2/ Earlier today, it was reported that FTX valued its SRM position at $2.2bn USD: the largest position on its balance sheet.

Serum's market cap is less than $88mn, so they likely valued their holdings using a much higher price for SRM, which is probably illegal.
3/ A key question is how did FTX get this many SRMs?

These 2 mints might be how. 60% of new tokens to prop its balance sheet when FTX needed it the most.

Feb 19: Crypto crashes 50% from ATH
etherscan.io/tx/0xb732cd3d5…

May 25: Crypto funds blew up (Alameda)
etherscan.io/tx/0x21ce9356c…
Read 7 tweets
Nov 10
Here's how you know FTX is done. Let's read between the lines.

Why would they have to "swap" these tokens instead of withdrawing them? Simple: FTX is no longer in possession of them.

This is not a "credit facility". It's not an "injection" of liquidity. Allow me to explain 👇
The loan that FTX made to save Alameda was likely in crypto.

They lent out their customer's crypto and that's why they weren't able to meet all of their withdraws, a large chunk of their balance sheet went to Alameda.

Today, 2 FTX whistleblowers confirmed it on Reuters: Image
Alameda either used that crypto to repay its short-term liabilities OR used it as collateral for another loan.

Therefore, SOMEONE ELSE is in possession of these TRX, BTT, JST.. and other tokens.

If those were used as collateral for another loan, that someone else is screwed.
Read 6 tweets
Nov 8
1/ I found evidence that FTX might have provided a massive bailout for Alameda in Q2 which now came back to haunt them.

40 days ago, 173 million FTT tokens worth over 4B USD became active on-chain.

A rabbit hole appeared 🧵👇 Image
2/ That day, September 28, over 8.6 Billion USD worth of FTT was moved on-chain.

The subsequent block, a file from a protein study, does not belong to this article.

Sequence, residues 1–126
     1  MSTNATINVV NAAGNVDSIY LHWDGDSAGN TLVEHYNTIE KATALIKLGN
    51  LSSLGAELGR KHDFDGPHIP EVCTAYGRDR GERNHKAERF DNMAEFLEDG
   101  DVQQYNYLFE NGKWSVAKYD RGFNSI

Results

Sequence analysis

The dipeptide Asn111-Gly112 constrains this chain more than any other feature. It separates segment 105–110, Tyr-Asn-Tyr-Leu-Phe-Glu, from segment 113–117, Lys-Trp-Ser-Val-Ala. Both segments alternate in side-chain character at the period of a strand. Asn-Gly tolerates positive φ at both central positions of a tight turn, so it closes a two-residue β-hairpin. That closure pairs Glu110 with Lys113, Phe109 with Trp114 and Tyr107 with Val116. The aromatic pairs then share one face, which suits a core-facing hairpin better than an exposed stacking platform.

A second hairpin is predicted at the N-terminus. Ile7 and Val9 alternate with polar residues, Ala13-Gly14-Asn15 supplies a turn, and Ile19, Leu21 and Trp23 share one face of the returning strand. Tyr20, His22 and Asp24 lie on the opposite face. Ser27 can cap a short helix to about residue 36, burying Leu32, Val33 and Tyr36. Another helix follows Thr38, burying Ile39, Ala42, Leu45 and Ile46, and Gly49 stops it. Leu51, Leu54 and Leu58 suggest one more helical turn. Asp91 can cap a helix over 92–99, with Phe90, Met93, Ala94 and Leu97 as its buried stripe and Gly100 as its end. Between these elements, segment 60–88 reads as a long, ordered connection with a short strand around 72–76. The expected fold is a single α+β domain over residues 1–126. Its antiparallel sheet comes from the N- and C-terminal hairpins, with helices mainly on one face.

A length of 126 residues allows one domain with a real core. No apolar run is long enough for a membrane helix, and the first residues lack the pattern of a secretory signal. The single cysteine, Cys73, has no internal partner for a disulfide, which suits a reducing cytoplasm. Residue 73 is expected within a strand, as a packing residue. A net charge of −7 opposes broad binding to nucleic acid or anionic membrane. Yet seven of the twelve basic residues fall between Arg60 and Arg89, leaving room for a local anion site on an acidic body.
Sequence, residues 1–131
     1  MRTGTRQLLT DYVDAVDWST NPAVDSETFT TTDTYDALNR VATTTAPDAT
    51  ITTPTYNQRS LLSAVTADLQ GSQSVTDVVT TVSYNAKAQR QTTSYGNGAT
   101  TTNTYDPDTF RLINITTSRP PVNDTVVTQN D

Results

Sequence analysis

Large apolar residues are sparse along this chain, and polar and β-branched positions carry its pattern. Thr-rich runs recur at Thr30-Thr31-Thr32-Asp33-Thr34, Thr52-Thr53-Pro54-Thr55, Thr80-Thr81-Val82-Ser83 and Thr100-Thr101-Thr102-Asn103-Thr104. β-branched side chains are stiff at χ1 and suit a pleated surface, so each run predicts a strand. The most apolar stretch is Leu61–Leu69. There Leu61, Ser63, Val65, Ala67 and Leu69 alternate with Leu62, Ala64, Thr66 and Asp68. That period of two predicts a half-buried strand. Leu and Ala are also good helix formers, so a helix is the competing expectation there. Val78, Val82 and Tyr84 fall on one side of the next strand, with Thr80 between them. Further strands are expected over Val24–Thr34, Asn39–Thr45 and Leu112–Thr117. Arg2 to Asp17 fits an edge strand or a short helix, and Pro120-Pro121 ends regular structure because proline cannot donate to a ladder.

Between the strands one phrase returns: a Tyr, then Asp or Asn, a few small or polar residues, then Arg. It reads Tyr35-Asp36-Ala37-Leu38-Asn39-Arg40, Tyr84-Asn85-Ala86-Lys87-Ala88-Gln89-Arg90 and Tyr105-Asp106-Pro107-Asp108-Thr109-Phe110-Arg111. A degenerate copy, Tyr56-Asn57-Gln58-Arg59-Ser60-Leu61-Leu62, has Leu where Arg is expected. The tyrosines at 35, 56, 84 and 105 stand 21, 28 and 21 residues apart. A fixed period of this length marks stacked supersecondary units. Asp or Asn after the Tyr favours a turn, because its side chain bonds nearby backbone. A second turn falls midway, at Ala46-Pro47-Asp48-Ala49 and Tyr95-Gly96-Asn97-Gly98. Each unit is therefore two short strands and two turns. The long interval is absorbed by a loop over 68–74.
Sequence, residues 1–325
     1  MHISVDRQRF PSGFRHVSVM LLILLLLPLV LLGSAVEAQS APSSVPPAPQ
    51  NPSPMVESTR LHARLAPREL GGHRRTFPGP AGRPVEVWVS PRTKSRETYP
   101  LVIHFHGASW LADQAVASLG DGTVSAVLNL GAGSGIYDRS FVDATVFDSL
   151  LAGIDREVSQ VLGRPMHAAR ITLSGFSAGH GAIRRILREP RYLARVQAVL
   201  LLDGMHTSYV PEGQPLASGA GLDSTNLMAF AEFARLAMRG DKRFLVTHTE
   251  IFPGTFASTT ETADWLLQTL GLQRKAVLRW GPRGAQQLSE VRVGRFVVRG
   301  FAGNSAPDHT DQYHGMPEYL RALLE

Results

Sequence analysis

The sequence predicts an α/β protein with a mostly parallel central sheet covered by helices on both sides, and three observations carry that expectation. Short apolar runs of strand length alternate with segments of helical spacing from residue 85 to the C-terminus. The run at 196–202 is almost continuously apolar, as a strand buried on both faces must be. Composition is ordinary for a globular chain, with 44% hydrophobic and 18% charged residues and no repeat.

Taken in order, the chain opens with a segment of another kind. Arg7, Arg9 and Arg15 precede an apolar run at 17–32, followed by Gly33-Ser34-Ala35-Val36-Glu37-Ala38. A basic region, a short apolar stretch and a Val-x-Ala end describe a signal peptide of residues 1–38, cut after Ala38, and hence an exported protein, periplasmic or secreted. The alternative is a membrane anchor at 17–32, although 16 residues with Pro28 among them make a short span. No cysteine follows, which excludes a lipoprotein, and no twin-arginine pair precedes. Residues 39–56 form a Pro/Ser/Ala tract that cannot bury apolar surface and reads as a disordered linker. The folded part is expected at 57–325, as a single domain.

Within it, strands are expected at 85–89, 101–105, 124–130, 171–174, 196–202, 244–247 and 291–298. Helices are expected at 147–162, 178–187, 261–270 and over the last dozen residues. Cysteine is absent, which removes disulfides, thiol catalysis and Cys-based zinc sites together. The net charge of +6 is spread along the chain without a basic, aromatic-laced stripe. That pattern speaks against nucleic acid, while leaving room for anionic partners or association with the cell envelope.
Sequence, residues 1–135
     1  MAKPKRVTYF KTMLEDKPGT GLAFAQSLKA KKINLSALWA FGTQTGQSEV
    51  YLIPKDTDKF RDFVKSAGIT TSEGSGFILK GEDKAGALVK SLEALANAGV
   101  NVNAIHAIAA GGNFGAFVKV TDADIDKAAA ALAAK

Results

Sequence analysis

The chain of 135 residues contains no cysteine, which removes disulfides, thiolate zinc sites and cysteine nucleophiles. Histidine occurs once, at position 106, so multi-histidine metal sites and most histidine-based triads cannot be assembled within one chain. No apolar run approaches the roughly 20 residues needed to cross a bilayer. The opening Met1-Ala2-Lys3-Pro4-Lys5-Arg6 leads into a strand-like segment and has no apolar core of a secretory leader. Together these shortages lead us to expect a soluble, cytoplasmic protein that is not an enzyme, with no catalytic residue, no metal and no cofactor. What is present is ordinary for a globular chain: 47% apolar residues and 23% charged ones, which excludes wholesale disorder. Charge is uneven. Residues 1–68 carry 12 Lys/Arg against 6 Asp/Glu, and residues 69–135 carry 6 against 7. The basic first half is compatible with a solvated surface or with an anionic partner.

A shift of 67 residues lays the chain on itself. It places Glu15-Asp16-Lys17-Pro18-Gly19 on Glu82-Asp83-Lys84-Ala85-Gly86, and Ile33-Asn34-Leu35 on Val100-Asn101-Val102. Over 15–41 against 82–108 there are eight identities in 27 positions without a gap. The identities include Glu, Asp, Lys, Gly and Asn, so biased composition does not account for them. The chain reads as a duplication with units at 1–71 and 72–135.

That was by far the largest daily move of FTT in the token's existence and one of the largest ERC20 daily moves we ever recorded at Coin Metrics. Image
3/ I went through all transfers that happened that day using CM ATLAS and ranked them.

I found a peculiar transaction that interacted with a contract from the FTT ICO.

This 2019 contract *automatically* released 173 Million FTT from the token's ICO.

etherscan.io/tx/0x975d62232… Image
Read 16 tweets
Aug 11
Yes, the "Mock" Merge last night was eventually a success... but we did see some hiccups that might impact users when the real Merge takes place.

We've been working on it for nearly a year at @coinmetrics and thought I'd share some notes 👇
Nearly all clients (nodes) struggled to determine what was the final block of the PoW chain last night.

That's because of the high rate of reorgs (changes in block ordering) witnessed in Goerli/Prater.
Multiple validators had to restart their nodes which led to a decrease in the number of peers/validators online.

Our primary node pair at @coinmetrics (Lighthouse + Geth) strangely saw the transition to PoS twice at slots 3639527 and 3639557 (roughly 5 minutes apart).
Read 6 tweets
Jun 15
22Q2 is the first time in the history of stablecoins where Total Supply decreased.

Even if we exclude UST, over 10B has been redeemed *directly from the treasuries* of major issuers

Some @coinmetrics data 👇 Image
Tether has seen the most redemptions out of all centralized issuers, with a decrease of ~7B in total supply (on ERC, OMNI and TRX).

The sharpness of that decrease suggests that a single entity, or small cohort, was behind it. Image
Nearly 40% of MakerDAO's DAI was retired as a result of liquidations, the largest liquidation event of its history. Image
Read 4 tweets
Jun 14
Celsius calls itself a "network" or a "lender"

But in reality, they operate more like a highly-leveraged hedge fund.

Their business model consists of deploying user deposits across DeFi protocols with the goal of maximizing yield.

1\ A thread on what went wrong 🧵
2\ Fundamentally, when the ultimate goal of your product is to maximize yield, you need to have a solid risk framework.

You need to be able to determine when a risk is not worth the marginal yield, especially when user funds are at stake.

Pretty reasonable, right?
3\ Except that Celsius does not seem to have such a framework, at least not publically available.

What we've seen instead over the past year is an increased appetite for risk and willingness to deploy millions in highly experimental DeFi protocols.
Read 14 tweets